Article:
In addition to the high amount of attention Americans get in public, I have observed that a high proportion of advertisements have Western IMG_0521looking people in them. Even companies that are not foreign use Westerners in their advertisements. I attribute this to the theory I mentioned earlier, which is that Americans carry a high amount prestige in China and that because of that Chinese people are very curious about them. If companies use Americans in their advertisements they convey all the things that Americans stand for in the minds of Chinese people, such as cultured, international, wealthy, developed, and interesting. By associating their companies with an American or Western image they are taking advantage of the biases and perceptions of Chinese people regarding those groups. In other words, companies would not use Americans in their advertisements if Americans did not stand for something positive in the minds of at least most Chinese people. IMG_0726.JPGThe fact that companies often use American looking people in their advertisements reinforces the theory that Americans are perceived in a positive way and with prestige; no one would want to associate their company with something negative.

It is not only big companies that take advantage of Americans prestige to get ahead in the business world. On one occasion in 三里屯 (Sanlitun) we were offered free access and drinks at a club simply ad 4because we were Americans. I asked why and the man responded that it was because having Americans at the club attracts Chinese people. They assume that if Americans would go to the club that it must be good. Bars and clubs have employees whose entire job is finding Americans to come make the bar or club look appealing. This observation was reinforced when the Korean-American member of our group was free denied entry into a bar in 五道口(wudaokou). He was asked to pay an entrance fee, “the Chinese fee,” because he looked Chinese. It was only after I went back to the door and argued with the bouncer was he allowed in for free. This shows both the privilege Americans enjoy in China and the perceptions of Chinese people as to what a “real” American looks like. Countless times I had to tell people that the Korean-American was, in fact, an Americans. Many times they would laugh as if I was joking and when I asked why they didn’t believe me they said it was because he doesn’t “look” American. It seems that some Chinese people have the impression that very few Americans are not white or black.IMG_0916.JPG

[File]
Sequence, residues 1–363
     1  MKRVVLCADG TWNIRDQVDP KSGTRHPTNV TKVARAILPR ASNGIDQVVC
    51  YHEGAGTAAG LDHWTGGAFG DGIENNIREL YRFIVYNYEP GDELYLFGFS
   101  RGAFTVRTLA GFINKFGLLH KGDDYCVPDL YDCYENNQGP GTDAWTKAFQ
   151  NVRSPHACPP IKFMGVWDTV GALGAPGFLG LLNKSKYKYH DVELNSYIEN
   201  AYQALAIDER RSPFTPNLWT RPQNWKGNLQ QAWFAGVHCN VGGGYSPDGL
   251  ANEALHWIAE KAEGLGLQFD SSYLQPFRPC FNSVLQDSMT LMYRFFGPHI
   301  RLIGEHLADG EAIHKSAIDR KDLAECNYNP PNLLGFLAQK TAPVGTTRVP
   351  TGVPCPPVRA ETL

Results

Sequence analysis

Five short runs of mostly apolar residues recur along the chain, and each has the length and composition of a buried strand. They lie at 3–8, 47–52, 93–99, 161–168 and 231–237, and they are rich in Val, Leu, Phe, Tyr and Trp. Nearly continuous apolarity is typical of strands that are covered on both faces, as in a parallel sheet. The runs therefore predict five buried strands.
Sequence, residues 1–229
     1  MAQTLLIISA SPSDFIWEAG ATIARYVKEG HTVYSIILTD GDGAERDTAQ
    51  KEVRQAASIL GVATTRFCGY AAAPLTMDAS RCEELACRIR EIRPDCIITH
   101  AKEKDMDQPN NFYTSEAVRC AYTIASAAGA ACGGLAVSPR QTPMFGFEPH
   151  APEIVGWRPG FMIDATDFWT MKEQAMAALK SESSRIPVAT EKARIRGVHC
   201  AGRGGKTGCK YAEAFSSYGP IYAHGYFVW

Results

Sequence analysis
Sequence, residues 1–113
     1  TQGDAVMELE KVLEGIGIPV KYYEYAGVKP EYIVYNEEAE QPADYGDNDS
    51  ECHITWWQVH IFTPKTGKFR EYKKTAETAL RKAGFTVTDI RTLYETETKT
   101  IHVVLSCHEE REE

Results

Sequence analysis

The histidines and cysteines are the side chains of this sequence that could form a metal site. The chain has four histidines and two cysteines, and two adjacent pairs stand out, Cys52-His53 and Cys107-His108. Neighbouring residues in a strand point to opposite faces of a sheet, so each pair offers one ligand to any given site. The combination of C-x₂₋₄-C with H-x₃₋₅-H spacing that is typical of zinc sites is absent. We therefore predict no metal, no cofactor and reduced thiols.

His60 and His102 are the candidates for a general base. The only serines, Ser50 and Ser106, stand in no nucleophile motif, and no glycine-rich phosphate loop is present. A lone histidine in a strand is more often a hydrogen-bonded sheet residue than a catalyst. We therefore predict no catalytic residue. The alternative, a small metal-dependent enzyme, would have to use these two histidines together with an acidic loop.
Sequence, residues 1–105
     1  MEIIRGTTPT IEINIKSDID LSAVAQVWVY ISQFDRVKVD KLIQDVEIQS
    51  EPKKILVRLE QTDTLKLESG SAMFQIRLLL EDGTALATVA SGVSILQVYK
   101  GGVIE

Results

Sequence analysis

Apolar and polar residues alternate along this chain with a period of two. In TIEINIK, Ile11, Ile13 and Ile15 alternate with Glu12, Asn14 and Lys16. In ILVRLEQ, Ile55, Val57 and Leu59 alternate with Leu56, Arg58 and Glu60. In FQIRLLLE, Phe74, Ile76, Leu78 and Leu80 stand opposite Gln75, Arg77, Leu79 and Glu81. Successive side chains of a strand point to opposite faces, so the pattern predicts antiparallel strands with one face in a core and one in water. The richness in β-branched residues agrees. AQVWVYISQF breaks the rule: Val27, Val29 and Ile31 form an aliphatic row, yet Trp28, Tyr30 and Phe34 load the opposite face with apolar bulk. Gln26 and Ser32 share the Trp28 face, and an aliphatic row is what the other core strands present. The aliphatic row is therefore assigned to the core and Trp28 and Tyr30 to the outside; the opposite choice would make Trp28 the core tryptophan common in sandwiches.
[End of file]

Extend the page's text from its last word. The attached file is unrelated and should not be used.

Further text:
It is not just the United States’ economic status that creates the sense of prestige and curiosity among Chinese people. American ideologies appear to resonate with some Chinese people, especially young people. The American concept of freedom (自由) and the American Dream (美国梦) were mentioned during my interviews. Unlike some of the other observations this trend was not specific to the younger generations. People I interviewed both young and old surprisingly used very similar phrases to describe America. I asked the question “What are three words you would use to describe the United States?” Two people’s answers included words related to economic development and the word “强势” meaning “strength.” But every single person’s answer included the word “自由” meaning “freedom.” It seems that people of various ages (the oldest woman I interviewed was born in the 1970s) and backgrounds have similar feelings about the US. The idea of freedom was far more prevalent than I expected. The young woman I spoke with said that she felt freer in the US than in China. She said she liked the freedom but felt that the US was “too free” citing that “[Americans] have guns.” She said that that level of freedom was too high because she was “very especially [sic] scared of guns” while in the US. On the other hand, the young male I interview said he liked that Americans can own guns, saying simply “I like guns.” Clearly the opinions on gun ownership are diverse, but the point is that in general Chinese people seem to enjoy the freedom they experience in China as in the cases of the young woman and the older woman or the idea of American freedom as with the young man.